After the fist year of high school, it depends which level of high school you do, and in which language you specialise. You have to follow English untill you graduate. But the exams are quite easy at the moment, you can speak it a bit, but most of the time not good enough.

I'm following an international education at the moment, where English is the common language, but the germans in my class, have a much higher standard of English. But we have learned German, and they didn't learn Dutch. (that is smart, because Dutch is an awful language)

And I am studying to learn Spanish, and I don't think it's an easy language, they mix up all the word orders, have two verbs for one english verb, *ser and estar for to be* and so many small rules and they speak waaaaay too fast.
But I have faith that I someday understand and speak it..

46. Posted by mira85 (Budding Member 3 posts) 10y

well from my experience i can see that spanish is the easiest language among
arabic which is a very difficult language having it's own alphabet and grammar,frensh,english and,german
i don't speek spanish very well but there is a big resemblance between spanish and frensh and from my frensh knowledge i can understand spanish,

47. Posted by HO (Budding Member 15 posts) 10y

spanish is much easier to learn in my opinion. well, i speak English and Japanese. It was so hard for me to learn english and it took me about 10 years to be completely used to it. i just took a spanish class at school and it was much easier to comprehend. maybe thats because i have learned english first. if i only spoke japanese and then learning spanish, it sould be much harder.

48. Posted by yolandac8 (Respected Member 159 posts) 10y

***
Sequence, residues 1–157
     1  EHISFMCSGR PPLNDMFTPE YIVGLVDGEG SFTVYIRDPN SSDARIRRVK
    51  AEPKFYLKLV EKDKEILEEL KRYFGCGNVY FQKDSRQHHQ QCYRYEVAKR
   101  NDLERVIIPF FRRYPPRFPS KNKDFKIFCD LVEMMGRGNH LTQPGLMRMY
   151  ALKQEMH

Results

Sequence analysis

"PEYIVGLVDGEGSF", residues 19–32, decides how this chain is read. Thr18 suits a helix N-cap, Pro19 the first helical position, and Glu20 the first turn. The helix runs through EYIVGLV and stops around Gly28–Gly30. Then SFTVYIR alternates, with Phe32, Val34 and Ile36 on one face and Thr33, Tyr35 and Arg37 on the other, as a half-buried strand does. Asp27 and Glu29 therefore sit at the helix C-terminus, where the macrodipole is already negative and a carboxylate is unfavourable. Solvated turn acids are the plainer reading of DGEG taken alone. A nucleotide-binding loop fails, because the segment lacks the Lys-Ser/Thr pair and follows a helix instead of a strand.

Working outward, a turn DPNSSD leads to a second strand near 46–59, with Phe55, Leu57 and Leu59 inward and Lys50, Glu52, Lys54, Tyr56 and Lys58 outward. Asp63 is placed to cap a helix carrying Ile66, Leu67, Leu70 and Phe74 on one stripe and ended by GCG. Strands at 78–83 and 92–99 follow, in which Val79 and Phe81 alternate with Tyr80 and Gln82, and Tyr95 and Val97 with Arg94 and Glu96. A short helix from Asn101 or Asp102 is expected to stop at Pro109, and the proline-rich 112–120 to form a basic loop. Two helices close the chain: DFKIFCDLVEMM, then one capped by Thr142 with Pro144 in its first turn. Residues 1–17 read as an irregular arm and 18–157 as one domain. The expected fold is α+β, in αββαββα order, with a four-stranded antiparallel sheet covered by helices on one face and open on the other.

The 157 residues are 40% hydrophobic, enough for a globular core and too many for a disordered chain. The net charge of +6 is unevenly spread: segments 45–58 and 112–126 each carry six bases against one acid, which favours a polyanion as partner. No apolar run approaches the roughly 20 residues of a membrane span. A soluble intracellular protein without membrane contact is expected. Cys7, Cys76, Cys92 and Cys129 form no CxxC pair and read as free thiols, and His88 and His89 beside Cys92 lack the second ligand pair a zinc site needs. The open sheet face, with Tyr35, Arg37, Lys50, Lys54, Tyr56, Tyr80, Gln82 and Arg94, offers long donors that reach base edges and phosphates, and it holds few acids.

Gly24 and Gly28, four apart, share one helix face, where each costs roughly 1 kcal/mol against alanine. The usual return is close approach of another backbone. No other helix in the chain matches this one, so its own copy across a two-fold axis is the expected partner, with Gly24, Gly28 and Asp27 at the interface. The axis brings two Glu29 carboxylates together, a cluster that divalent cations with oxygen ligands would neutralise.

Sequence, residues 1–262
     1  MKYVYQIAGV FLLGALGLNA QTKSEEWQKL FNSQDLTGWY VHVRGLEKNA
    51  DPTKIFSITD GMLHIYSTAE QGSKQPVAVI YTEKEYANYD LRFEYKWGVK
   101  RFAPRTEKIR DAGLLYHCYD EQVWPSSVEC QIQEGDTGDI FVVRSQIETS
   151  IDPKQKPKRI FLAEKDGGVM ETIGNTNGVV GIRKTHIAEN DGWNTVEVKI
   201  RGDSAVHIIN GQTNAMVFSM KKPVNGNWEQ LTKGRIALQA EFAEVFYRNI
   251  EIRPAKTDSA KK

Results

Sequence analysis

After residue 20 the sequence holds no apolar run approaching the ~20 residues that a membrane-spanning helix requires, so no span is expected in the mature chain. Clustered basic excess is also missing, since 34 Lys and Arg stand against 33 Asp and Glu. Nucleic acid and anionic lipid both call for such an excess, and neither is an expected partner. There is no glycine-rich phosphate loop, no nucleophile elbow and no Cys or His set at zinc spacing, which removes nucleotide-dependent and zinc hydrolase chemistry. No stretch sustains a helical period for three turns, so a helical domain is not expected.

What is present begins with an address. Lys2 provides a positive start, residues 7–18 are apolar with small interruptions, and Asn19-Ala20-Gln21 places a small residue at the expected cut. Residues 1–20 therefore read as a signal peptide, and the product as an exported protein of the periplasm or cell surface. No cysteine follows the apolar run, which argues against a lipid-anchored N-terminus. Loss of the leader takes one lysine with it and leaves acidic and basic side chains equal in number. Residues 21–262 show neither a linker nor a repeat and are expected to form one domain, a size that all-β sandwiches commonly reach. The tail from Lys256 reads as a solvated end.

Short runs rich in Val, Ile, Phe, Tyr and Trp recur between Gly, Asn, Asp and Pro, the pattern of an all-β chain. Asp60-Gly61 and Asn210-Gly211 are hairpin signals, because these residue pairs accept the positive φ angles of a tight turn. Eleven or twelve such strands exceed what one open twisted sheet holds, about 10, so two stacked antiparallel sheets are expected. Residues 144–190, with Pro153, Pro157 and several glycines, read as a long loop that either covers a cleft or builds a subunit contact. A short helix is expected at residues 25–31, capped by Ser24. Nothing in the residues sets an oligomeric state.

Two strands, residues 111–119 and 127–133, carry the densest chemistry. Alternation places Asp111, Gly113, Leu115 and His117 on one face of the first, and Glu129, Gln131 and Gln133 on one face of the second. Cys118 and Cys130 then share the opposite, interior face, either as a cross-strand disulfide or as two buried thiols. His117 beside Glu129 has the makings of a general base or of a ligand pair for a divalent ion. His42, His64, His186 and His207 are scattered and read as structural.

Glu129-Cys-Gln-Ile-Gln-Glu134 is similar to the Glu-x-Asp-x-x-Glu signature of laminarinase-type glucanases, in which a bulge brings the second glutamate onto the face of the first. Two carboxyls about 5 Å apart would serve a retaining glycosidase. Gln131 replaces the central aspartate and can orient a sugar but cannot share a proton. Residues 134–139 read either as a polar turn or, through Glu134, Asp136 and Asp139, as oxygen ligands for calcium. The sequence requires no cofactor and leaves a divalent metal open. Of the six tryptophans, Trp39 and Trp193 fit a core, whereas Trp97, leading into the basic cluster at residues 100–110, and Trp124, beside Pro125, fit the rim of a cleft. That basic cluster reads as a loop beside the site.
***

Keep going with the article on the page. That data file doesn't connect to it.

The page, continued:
I am spanish, spanish is my mother tongue. I also speak english and french quiet OK. I am almost bilingual, since having grown up in the Basque Country permitted me to learn the language since I was very little. I have been working abroad a couple of times, and I can affirm without doubts that:

- The easiest language to learn is ENglish. In the second post somebody lines up the reasons why english is hard to learn. The english grammar is just so simple and intuitive, that is not hard to have a good comman of it in few months. Then dominating the language is far more difficult, but not as much as in Spanish.

- The hardest language to learn, as far as I know is probably Basque, and Japanese sounds and looks like a hell to learn!!!!

Anyway, these opinions depend on many factors such as where you come from, your mother tongue, the languages you have learnt, and so on... In any case this is very subjective, depending on each persons qualities to learn a language

49. Posted by busbybrack (Budding Member 8 posts) 10y

Quoting Travel100

I definitely would not think English. Check this out (originally posted by Cupcake):

Reasons why English is so hard to learn....

1) The bandage was wound around the wound.
2) The farm was used to produce produce.
3) The dump was so full that it had to refuse more refuse.
4) We must polish the Polish furniture.
5) He could lead if he would get the lead out.
6) The soldier decided to desert his dessert in the desert.
7) Since there is no time like the present, he thought it was time to present the present.
8) A bass was painted on the head of the bass drum.
9) When shot at, the dove dove into the bushes.
10) I did not object to the object.
11) The insurance was invalid for the invalid.
12) There was a row among the oarsmen about how to row.
13) They were too close to the door to close it.
14) The buck does funny things when the does are present.
15) A seamstress and a sewer fell down into a sewer line.
16) To help with planting, the farmer taught his sow to sow.
17) The wind was too strong to wind the sail.
18) After a number of injections my jaw got number.
19) Upon seeing the tear in the painting I shed a tear.
20) I had to subject the subject to a series of tests.
21) How can I intimate this to my most intimate friend?

Not to mention text message talk, which I use when traveling with lots of people in different countries--even I dont understand some english shorthand- I always refer none english speakers to fasttext.t9.com and have them peruse the dictionary so that everyone is on the same page.

50. Posted by cikusang (Respected Member 1361 posts) 10y

Actually any languages could be mastered well if we could converse it as frequent as possible with the native speakers. In short, it depends on individuals' needs as one may intend to learn the verbal part only. Some may interest in learning the language as a whole...grammar and its linguistic entities.

It depends.

But to our realization, to get one whole language firmly and applying it accurately is somehow an alien to most of us. Good example: Fireworks display instead of 'pyrotechnic'.